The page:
Recent progress in laboratory studies of seismic wave attenuation relevant to the Earth’s upper mantle

Qu, Tongzhang1, Jackson, Ian1, David, Emmanuel C.1,2, Faul, Ulrich H.1,3

1Research School of Earth Sciences, Australian National University, Canberra, ACT, Australia, 2Now at Department of Earth Sciences, University College London, London, United Kingdom, 3Department of Earth, Atmospheric and Planetary Sciences, Massachusetts Institute of Technology, Cambridge, Massachusetts, USA

The Earth’s upper mantle is being imaged with increasing fidelity with the various methods of modern seismology. However, such images are of limited value without laboratory-based models for their robust interpretation in terms of the many factors (e.g., chemical composition, temperature, and partial melting) that influence the seismic properties of mantle materials. Over decades, we have developed a unique capability for measurement of seismic properties of rock cylinders by forced oscillation at seismic periods (1-1000 s) rather than the much shorter periods (ns-ms) of laboratory wave-propagation methods. Sustained application of these methods has documented grain-size sensitive viscoelastic relaxation, responsible for frequency dependence (dispersion) of the shear modulus and hence wavespeed and related strain-energy dissipation in polycrystalline olivine, as well as the influence of partial melting and dislocation density, and more recently, of oxidizing/hydrous conditions.

Here we report new measurements on olivine-orthopyroxene mixtures. For temperatures reaching 1200°C and seismic periods, the strain-energy dissipation and shear modulus dispersion are generally similar to those for essentially pure olivine, but somewhat diminished and slightly more temperature-sensitive with increasing orthopyroxene concentration from 5% to 95%. The viscoelastic behaviour is of the high-temperature-background type without any evidence of the superimposed dissipation peak reported by others for a melt-bearing specimen of otherwise similar composition. It is concluded that our olivine-based model for seismic wave dispersion and attenuation will require only modest modification to accommodate the role of orthopyroxene.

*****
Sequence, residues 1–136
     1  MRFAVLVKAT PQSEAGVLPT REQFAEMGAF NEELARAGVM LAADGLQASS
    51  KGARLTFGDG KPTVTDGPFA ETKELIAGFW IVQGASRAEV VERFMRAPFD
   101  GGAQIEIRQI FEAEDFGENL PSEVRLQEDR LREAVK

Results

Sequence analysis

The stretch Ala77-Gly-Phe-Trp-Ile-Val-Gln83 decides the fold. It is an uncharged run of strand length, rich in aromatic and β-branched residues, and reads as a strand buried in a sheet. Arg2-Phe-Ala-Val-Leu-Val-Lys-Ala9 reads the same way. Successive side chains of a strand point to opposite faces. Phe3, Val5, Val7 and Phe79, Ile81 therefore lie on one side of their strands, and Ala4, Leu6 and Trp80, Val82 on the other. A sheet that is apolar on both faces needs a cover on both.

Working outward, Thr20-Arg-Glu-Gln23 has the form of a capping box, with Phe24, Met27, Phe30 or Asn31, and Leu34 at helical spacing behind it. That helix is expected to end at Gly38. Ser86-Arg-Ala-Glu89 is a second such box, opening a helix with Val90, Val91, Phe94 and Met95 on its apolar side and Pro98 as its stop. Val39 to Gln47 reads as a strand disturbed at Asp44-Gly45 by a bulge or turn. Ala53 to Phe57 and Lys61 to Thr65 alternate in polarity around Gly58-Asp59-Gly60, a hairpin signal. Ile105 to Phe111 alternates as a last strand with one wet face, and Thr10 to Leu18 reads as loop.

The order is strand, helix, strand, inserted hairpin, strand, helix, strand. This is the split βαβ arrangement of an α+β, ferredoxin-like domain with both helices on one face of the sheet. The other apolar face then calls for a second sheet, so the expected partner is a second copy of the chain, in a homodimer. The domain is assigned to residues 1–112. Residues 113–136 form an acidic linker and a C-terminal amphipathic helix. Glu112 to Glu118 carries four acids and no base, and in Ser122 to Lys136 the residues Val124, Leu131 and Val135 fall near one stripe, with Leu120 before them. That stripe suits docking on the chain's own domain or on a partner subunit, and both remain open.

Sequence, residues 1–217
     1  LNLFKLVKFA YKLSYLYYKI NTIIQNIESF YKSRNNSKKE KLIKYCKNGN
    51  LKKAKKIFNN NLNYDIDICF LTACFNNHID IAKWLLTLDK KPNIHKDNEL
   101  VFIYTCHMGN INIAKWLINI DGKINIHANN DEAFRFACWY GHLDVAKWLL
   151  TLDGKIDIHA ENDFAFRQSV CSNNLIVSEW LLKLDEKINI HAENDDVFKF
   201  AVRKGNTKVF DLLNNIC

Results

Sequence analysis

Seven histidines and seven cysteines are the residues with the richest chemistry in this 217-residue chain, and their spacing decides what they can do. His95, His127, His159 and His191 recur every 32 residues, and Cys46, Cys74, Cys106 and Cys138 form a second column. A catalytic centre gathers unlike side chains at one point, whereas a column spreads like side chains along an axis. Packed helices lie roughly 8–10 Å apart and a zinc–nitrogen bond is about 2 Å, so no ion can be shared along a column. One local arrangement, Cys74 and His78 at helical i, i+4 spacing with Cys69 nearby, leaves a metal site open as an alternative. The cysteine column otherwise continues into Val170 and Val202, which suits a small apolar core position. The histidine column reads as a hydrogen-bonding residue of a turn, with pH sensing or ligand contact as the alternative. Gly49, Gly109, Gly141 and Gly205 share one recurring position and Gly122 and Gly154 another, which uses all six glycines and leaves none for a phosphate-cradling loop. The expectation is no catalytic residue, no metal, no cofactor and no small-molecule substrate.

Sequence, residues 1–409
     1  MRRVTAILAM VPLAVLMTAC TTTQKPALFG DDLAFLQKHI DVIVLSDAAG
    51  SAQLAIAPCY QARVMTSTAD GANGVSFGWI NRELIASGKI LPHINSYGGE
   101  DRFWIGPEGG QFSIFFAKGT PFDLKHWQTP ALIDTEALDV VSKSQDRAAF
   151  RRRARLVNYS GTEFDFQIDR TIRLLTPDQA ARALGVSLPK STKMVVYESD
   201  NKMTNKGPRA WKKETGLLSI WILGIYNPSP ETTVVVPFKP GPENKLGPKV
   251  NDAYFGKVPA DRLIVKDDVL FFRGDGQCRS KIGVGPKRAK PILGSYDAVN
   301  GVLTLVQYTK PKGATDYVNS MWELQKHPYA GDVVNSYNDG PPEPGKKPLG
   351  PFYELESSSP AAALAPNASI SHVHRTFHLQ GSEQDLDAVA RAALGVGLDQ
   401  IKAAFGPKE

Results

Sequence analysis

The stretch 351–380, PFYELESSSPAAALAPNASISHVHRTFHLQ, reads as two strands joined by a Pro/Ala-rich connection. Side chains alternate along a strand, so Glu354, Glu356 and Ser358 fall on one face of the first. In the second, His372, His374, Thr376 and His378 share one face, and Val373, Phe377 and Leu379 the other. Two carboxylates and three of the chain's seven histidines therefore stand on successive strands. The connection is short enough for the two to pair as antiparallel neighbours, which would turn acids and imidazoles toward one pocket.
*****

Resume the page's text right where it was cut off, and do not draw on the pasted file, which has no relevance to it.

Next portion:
In order to further refine our methodology, we are also addressing the effect of uncertainty in the mechanical behaviour of the enclosing mild-steel jacket arising from the transition between the austenite and ferrite phases on cooling across the interval 900-700ºC. Variations of its microstructure and hence viscoelastic behaviour have the potential to mask the seismologically important onset, within this temperature range, of appreciably viscoelastic behaviour of upper-mantle materials. Accordingly, we have previously conducted a study in which a specimen of polycrystalline olivine is jacketed instead within a copper sleeve which retains its face-centred-cubic (fcc) structure throughout the range of the measurements – limited to 1050ºC maximum by the proximity of the melting point. Here we report new measurements to higher temperature (1200ºC) in which we employed austenitic (fcc) stainless steel (SS) as an alternative jacket material. Prior measurement of the mechanical properties of the SS jacket material allowed subtraction of its contribution to the torsional stiffness of the SS-jacketed specimen. The resulting dissipation spectrum for the olivine specimen consists of a monotonic background dissipation with a superimposed peak located within the 1-1000 s period range for temperatures between 900 and 1050ºC. The dissipation peak and associated shear modulus dispersion, potentially attributable to elastically accommodated grain-boundary sliding, display an Arrhenius dependence upon temperature – moving systematically to shorter periods with increasing temperature. Comparison of the results obtained for synthetic Fo90 olivine specimens enclosed within the alternative mild-steel, copper, and stainless-steel jackets is providing new insight into the nature of the seismologically important transition between the elastic and anelastic regimes.